In a significant recent development in Philippine politics, former president Gloria Macapagal Arroyo is now the new Speaker of the House of Representatives. Though it is still early days, it is worth examining what this might mean for the country’s political evolution in general as well as the presidency of Philippine President Rodrigo Duterte in particular.
With respect to Duterte and his presidency, Arroyo supported Duterte’s presidential bid in 2016 and has been an influential member of the so-called ‘super majority’ in Congress for the past two years. Her election as Speaker was not viewed by many as a direct threat to Duterte since it was mainly triggered by a conflict between factions supporting the president.
An interesting question is the impact Arroyo will have on the legislative priorities Duterte intends to advance. Arroyo was quick to declare her intent to implement Duterte’s legislative agenda. During her first day as House Speaker, in fact, she facilitated the approval of the Bangsamoro Organic Law, a key legislative measure which Duterte said will bring peace to the southern island of Mindanao.
Arroyo’s reaffirmation of support to Duterte would definitely seem to boost the president’s appeal for the urgent passage of political reforms which he reiterated during his third state of the nation address on July 23. These are important agenda items not just for Duterte, but for Philippine politics more generally. Some of his proposals include the overhaul of the tax system, the banning of labor contractualization, the review of mining operations, and the speedy prosecution of corrupt government officials.
But these issues were not highlighted in many news reports outside the Philippines. Part of that was due to the continued focus on Duterte’s defending of the government’s decision to continue the controversial and ‘chilling’ war on drugs, which has brought understandable scrutiny. Naturally, government critics have warned that this could lead to more drug-related killings and the intensified deployment of police in urban poor communities.
Duterte also mentioned in his speech that the draft proposal outlining the country’s shift to a federal form of government is already finished. He added that he will follow what is mandated by the Constitution which many interpreted as a directive to Congress to initiate proceedings that would allow the country’s transition to federalism through constitutional reform. That would no doubt be a significant development that will determine Duterte’s political legacy and the country’s political future.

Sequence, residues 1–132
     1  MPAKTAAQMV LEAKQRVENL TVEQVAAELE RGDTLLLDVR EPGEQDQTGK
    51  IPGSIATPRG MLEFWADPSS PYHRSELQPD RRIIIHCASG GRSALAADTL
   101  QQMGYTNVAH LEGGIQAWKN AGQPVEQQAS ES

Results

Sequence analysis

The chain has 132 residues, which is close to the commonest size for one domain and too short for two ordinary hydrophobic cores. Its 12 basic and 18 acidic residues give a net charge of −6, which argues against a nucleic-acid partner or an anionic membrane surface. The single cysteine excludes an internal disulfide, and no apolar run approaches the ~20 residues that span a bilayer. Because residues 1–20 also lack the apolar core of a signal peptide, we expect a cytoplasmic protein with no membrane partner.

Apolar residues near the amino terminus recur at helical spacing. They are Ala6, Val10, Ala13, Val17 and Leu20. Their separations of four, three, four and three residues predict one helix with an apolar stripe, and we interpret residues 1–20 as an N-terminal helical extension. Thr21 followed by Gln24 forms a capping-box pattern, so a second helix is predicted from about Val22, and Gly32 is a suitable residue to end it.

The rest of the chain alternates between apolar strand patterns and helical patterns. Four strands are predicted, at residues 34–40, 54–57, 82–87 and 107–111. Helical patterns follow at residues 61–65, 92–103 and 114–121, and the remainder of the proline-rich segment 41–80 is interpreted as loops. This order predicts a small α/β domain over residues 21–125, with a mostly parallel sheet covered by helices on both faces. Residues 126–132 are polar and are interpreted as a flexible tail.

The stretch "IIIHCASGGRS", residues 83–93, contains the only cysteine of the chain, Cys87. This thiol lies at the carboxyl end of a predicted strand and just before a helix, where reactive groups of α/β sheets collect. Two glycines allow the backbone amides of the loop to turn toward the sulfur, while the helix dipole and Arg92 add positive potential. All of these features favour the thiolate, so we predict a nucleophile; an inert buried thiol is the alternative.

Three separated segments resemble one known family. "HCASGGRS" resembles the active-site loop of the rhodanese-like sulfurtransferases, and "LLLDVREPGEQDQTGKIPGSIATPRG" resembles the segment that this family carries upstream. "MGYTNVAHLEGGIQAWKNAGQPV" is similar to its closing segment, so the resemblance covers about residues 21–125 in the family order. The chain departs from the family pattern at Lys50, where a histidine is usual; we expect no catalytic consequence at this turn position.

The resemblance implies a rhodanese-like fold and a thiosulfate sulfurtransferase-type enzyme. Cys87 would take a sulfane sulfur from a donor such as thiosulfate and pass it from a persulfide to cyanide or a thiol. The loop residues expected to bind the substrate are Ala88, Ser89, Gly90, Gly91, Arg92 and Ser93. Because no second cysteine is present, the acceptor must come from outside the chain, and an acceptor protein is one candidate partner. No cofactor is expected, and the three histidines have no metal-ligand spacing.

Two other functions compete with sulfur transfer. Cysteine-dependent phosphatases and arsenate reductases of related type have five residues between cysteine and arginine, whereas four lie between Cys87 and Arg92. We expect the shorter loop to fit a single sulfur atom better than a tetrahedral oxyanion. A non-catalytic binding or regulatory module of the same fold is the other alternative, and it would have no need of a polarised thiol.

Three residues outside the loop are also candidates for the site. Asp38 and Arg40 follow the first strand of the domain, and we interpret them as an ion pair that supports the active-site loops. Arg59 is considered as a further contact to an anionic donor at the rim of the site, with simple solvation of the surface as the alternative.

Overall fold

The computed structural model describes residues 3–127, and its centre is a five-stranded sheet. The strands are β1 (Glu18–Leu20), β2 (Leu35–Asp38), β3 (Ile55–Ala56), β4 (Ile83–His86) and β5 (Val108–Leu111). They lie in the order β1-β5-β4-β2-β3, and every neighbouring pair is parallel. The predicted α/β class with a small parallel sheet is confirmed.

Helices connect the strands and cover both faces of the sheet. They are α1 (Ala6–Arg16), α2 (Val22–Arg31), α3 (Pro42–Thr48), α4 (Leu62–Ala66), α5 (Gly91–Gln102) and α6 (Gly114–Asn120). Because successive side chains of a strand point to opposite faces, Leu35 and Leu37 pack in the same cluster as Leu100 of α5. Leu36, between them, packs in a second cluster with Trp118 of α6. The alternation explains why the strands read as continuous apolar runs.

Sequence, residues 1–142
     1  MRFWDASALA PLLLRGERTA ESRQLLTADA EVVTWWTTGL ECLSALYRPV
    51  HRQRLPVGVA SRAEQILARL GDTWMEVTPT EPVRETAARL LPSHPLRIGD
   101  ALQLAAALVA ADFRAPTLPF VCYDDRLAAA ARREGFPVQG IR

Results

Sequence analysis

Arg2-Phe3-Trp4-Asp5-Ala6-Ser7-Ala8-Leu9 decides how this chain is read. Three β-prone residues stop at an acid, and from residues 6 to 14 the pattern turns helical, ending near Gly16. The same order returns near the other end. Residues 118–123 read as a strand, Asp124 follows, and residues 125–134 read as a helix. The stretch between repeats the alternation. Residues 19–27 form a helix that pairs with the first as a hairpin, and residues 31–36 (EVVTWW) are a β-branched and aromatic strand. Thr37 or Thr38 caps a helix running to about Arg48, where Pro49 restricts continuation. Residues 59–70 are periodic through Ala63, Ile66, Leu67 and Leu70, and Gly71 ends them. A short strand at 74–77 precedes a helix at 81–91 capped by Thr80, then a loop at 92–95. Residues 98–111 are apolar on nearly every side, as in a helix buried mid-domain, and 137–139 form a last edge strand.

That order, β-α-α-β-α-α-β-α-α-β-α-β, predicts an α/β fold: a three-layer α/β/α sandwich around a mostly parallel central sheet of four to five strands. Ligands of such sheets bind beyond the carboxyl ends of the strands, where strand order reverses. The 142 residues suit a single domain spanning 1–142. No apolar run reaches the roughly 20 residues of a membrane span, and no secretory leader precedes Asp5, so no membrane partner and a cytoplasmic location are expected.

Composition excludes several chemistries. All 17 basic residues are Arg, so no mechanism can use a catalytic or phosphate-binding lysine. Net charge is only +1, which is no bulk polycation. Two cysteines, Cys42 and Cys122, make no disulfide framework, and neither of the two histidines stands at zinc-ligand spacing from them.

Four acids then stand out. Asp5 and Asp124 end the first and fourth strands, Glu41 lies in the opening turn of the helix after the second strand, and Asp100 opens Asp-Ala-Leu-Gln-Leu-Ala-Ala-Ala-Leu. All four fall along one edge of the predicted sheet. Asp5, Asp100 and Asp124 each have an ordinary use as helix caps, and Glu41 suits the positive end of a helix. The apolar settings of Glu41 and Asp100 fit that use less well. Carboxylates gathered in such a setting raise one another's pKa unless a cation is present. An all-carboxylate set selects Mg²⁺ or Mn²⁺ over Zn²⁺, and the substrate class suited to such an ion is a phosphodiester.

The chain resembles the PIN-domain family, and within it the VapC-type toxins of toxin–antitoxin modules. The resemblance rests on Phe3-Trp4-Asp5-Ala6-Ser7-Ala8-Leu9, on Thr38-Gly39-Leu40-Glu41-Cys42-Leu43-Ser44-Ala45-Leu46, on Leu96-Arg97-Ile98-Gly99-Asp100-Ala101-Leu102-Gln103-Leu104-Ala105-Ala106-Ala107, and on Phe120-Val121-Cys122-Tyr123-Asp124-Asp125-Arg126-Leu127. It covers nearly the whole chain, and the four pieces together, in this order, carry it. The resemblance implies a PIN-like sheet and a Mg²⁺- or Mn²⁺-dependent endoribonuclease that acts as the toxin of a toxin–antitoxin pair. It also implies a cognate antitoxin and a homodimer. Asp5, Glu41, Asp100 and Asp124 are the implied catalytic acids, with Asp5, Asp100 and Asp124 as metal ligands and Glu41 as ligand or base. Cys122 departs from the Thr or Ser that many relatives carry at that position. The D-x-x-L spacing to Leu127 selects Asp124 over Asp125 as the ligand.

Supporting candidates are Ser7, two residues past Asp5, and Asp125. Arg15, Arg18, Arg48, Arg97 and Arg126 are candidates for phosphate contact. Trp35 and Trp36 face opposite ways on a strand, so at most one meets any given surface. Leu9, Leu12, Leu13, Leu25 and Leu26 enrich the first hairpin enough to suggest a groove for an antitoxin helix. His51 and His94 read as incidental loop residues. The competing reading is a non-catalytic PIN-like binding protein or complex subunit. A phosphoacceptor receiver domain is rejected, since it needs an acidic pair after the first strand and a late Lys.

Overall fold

Related to this, many supporters of federalism welcomed the election of Arroyo as House Speaker since this could hasten the campaign for charter change. Aside from being a close ally of Duterte, Arroyo supported the proposal to replace the 1987 Constitution when she was president. But her government failed to carry out this ambitious goal because of the fierce resistance of the opposition and a broad segment of the population. This was also the time when her presidency was hounded by corruption scandals which eroded support for her political party in the 2010 election.
Today, Arroyo is probably more likely to realize her unfulfilled plan to change the constitution with the political backing of Duterte. And the prospect of Duterte working in tandem with Arroyo in restructuring the country’s political system via a constitutional change has alarmed the opposition, activists, and human rights advocates.
Though the differences are clear between the two individuals, the similarities are nonetheless worrying enough. Both Duterte and Arroyo are accused of committing widespread human rights violations. Both are allies of the family of the late dictator Ferdinand Marcos. Both wanted to remove the term limits of elected officials and the restrictions on foreign ownership of lands and domestic corporations.
Speaker Arroyo could persuade both the House of Representatives and the Senate to call for a constituent assembly and amend the constitution according to the draft document prepared by the Duterte government. This could legitimize not just the extension of term for elected officials but also the expansion of powers of the office of the incumbent president.
In other words, there is a risk that Arroyo’s election as Speaker could further weaken the country’s struggling democracy while entrenching authoritarianism. This scenario would benefit both Duterte and Arroyo for their own reasons.
But this could also lead to an eventual conflict between powerful political blocs supporting the two influential leaders. Allies of the former speaker, who are also Duterte supporters, could still challenge the leadership of Arroyo, and this power struggle might delay efforts to amend the constitution or the passage of the government’s priority bills. If on the other hand, Arroyo succeeds in consolidating her power in Congress, she can emerge as a potential threat to Duterte and the ruling party.
Perhaps it is a relief for Duterte, then, that the opposition and activists have started reviving their attacks against Arroyo, given that protests against higher taxes, impunity killings, and other unpopular actions of the Duterte government had been continuing to gain momentum beforehand. But Duterte also has reasons to worry. It also means that Arroyo is now perceived to be more than just a political patron but a real contender for the position which she once occupied for nearly a decade.